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COMBINING SKILL WORK WITH AEROBIC WORK

COMBINING SKILL WORK WITH AEROBIC WORK

 
 
 

The idea of combining sport specific skills with physical training is nothing new. A short trip down the instagram rabbit hole will show you all manner of crazy shit.

 

Does this idea have merit?

 

Should we combine skill based training with physical training?

 

We think it does have merit, and that sport specific athletes with limited time could benefit from this methodology.

 

But, like everything else Atomic Athlete does, we have to place some sort of structure behind it. We need some guiding principles that will ensure improved performance.

 

Why you should do it

It’s an effective use of training time.

Time is a precious commodity for almost every athlete out there. Finding 2-5 hours per week to physically train can be challenging, add in 3 more hours of skill training and you have just picked up a part time job. One of the biggest reasons to mix a specific skill with physical training is efficiency. There is simply a higher return on investment of training time.

 

It’s way more fun.

The best training for improved performance is not always the most fun. And training that is not fun can very well end up not getting done. If by adding a skill to the training you can get more out of it and increase the chances that it’ll get done it’s a no brainer.

 

When you should do it

Skill work can be done during either aerobic capacity training or maximal strength training.

 

Aerobic capacity efforts are low intensity and usually focus around single mode activities (bike, run, step-ups, row, tire drag). Because the intensity is so low, and the durations at least 30 minutes long, these efforts can just be downright boring.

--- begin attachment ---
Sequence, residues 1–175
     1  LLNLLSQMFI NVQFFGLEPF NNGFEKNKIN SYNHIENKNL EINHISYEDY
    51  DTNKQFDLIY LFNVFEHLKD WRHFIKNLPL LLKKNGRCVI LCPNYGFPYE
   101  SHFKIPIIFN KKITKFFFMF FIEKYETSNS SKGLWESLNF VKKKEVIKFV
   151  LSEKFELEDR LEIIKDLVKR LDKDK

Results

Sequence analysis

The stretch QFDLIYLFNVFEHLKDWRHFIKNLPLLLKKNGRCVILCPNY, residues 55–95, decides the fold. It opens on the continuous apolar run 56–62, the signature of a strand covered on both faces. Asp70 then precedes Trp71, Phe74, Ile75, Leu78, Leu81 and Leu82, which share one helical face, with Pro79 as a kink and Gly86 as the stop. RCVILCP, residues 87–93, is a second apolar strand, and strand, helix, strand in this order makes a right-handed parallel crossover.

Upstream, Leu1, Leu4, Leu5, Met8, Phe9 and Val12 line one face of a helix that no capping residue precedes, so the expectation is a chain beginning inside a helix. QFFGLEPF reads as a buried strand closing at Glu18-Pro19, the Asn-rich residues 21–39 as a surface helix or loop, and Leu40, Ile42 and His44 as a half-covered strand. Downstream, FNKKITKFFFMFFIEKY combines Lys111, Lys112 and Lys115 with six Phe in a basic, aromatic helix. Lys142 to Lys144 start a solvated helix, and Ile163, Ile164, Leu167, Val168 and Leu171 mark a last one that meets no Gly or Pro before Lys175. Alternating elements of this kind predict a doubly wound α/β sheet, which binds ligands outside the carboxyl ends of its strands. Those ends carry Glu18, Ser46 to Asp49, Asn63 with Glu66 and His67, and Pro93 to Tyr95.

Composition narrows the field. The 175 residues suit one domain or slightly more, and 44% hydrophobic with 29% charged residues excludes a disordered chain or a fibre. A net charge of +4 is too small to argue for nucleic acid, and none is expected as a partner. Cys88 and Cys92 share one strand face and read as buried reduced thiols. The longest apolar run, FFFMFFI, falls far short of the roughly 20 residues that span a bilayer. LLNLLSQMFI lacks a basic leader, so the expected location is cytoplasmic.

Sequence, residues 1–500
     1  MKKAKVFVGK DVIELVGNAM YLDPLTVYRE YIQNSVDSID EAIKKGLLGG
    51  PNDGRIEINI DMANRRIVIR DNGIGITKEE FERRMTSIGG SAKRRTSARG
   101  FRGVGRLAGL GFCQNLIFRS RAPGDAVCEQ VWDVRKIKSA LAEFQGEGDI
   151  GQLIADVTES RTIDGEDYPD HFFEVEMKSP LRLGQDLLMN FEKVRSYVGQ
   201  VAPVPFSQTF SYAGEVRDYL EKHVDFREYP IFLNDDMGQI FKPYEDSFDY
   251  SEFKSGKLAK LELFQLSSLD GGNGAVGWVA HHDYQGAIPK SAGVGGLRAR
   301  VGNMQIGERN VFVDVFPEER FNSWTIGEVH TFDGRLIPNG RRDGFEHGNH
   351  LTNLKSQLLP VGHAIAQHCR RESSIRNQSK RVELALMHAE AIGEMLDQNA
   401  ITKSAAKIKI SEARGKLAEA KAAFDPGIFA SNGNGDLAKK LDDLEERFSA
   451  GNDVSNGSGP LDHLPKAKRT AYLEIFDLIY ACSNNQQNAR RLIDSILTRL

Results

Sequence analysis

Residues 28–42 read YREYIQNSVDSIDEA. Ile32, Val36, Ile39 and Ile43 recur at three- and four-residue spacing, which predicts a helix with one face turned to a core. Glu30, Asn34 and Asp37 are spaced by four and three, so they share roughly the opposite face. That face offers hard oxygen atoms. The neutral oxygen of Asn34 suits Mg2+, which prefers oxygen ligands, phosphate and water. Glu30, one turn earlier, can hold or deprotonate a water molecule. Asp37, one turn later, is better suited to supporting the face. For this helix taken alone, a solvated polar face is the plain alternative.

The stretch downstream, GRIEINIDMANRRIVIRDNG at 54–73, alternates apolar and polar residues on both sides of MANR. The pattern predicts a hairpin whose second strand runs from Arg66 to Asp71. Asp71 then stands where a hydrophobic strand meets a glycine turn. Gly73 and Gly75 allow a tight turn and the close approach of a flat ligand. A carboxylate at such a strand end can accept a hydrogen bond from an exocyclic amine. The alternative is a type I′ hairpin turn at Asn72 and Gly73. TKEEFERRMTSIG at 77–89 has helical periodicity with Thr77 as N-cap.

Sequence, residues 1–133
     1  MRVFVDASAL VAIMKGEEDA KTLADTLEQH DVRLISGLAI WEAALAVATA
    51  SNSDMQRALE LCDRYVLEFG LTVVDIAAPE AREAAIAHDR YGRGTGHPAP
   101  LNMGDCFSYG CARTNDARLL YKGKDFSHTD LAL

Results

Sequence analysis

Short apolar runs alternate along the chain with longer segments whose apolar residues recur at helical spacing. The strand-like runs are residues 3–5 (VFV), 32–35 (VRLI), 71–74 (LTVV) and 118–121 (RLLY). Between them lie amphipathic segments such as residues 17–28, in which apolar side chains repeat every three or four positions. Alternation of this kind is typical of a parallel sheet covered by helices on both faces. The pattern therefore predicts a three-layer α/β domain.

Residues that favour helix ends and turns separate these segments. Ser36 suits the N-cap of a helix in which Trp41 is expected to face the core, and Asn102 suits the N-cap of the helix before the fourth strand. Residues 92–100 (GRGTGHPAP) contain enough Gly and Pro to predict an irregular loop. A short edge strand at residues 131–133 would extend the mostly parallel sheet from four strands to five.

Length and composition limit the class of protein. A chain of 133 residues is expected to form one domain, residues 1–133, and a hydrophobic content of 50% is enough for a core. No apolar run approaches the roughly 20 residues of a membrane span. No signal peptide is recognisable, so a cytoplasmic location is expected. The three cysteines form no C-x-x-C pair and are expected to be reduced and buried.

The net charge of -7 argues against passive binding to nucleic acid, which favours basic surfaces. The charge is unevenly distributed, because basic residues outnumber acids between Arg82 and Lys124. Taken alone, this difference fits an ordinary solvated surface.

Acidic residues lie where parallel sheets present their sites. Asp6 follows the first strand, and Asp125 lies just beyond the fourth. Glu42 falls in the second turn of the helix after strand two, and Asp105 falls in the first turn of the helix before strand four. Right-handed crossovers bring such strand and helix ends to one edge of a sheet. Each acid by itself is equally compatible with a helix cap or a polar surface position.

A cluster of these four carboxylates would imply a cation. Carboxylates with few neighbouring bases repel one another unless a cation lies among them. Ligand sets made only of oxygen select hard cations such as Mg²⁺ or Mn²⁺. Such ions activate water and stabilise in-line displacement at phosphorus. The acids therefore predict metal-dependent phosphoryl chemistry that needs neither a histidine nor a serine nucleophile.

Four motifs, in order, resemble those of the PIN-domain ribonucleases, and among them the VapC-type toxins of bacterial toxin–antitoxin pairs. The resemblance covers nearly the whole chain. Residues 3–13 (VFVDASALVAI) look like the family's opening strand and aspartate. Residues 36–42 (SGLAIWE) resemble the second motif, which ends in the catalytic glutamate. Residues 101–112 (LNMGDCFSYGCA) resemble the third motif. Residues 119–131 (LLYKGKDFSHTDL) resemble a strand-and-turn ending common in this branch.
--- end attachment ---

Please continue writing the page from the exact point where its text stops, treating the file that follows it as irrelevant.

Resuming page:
Traditionally we go back and forth between different modes, or add in a total body exercise, to keep things interesting. Adding in a skill every few minutes is a great way to break up a 45 minute aerobic block.

 

Maximal strength implies low volume (1-5 reps) and high intensity (75-95% of 1RM). With higher intensities comes longer rest periods. Traditionally we program in resilience exercises such as mobility or soft tissue work as these rest periods last 60-90 seconds. Adding in a skill during this rest period is another great way to get in additional training.

 

What should you do

You need to choose a specific skill that:

  • Is easily repeatable
  • Takes 5-30 seconds to execute
  • Is SAFE to do in your training environment

 

What skill you choose is very dependent on your sport, endeavor, or profession.

 

How you should do it

During Maximal Strength

When doing it during a maximal strength session it’s pretty straight forward as you have a good window of time and you don’t have to worry about a dramatic decline in heart rate. For each circuit we suggest picking a singular skill and doing 3-5 repetitions of that skill for each round completed.

 

5 rounds

6x Bench Press –  60 to 70% of 1 RM

90 second rest = 3x Speed Reload’s (specific to LEO / MIL / Competitive Shooter)

 

During Aerobic Capacity

For aerobic capacity sessions you need to maintain a certain heart rate which is why it’s important to keep the skill short (5-30 seconds). You’ll conduct a single activity such as rowing, running, or riding, then do a single skill. The shorter the aerobic portion the more reps you’ll get of the specific skill. We suggest the single mode be at least 1 minute in duration, and not exceed 5 minutes. It seems that 2-4 minutes is the ideal range for the single mode. You’ll alternate between the skill and the single mode for the prescribed duration.

 

30 minutes

1 minute jog around mat

Single X to X Guard to Sweep (BJJ competitor)

 

Final Thoughts

Overall we think this is a valuable method to use that will make training more interesting, and more efficient with the athlete’s time. Remember that the primary purpose of the session is the physical component, and that the skill is there to add value to it, not vice versa. Focus on quality reps when doing this as usually you’ll only get 10-30 reps in a singular session. Sloppy practice results in sloppy results.

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